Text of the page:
Cincinnati, Ohio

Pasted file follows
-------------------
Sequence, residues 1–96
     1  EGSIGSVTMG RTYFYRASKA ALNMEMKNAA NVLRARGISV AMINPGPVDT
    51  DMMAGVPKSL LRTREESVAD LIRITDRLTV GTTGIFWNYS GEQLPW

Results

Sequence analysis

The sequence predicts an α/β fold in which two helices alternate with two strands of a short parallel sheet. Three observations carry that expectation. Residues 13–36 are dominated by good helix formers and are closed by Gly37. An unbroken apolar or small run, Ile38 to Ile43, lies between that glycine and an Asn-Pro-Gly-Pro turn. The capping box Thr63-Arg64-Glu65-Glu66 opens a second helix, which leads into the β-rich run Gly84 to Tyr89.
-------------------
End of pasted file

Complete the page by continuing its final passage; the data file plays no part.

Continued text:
City. In the early part of 1811 an unsuccessful attempt was made by the pioneer Catholics of the wilderness which then constituted Cincinnati to establish a congregation. This project received further impetus in 1814 when Bishop Flaget celebrating the first Mass in Cincinnati in the house of Michael Scott exhorted the congregation to erect a church. Owing to the intense anti-Catholic sentiments prevalent and a city ordinance prohibiting the erection of a Catholic church within the corporate limits, the first church, a plain barn-like edifice, was erected, 1822, on the northwest corner of Vine and Liberty Streets then outside the specified restrictions. This log structure served as the cathedral of Bishop Fenwick, first bishop of the newly created diocese of Cincinnati, but following the removal of the prohibitive ordinance the church was moved to the site later occupied by the College of Saint Francis Xavier. Bishop Fenwick by a personal visit to Europe secured the aid of the nobility of France and of the pope for the erection of a cathedral, and 17 December 1826, Saint Peter's Cathedral was completed. From a printing press which Bishop Fenwick received while in France was issued, in 1831, the first edition of the "Catholic Telegraph." A school was opened in conjunction with the cathedral and was placed in charge of the Sisters of Charity who arrived in the city 27 October 1829, and who also had an orphan asylum under their supervision. Bishop Fenwick also established the first Dominican convent in the United States, the Priory of Saint Rose. Reverend John Baptist Purcell, second Bishop of Cincinnati, founded the famous Mount Saint Mary's of the West, and gained renown by his able refutation in open debate of the charges made by Reverend Alexander Campbell that the Catholic Church was an enemy to enlightenment. It was he also who dissuaded a mob incited by the Knownothing party from burning the cathedral and killing the Apostolic Visitor, Archbishop Bedini. The large number of German Catholic immigrants resulted in the erection of Holy Trinity church, the first German parish church. In 1841 the cornerstone of the presept cathedral was laid, and in 1850 the Archdiocese of Cincinnati was created. The city (1929) had 66 churches and 62 parochial schools, in addition to academic institutions, including Mount Saint Mary's of the West (Norwood), Teachers' College of the Athenreum of Ohio, Saint Xavier College, and the College of the Sacred Heart; orphan asylums; hospitals. Cincinnati's renowned College of Musicians was founded, 1878, through the instrumentality of a Catholic, Reuben R. Springer, who conceived the idea and endowed it generously. Another Catholic who contributed appreciably to the cultural life of the city was Mrs Sarah Peter, a convert, who did valuable service in selecting works for the Cincinnati Art Museum. She also brought over several religious communities to aid in the charitable and educational work of Cincinnati, among them the Franciscans, Sisters of Mercy, and the Little Sisters of the Poor.

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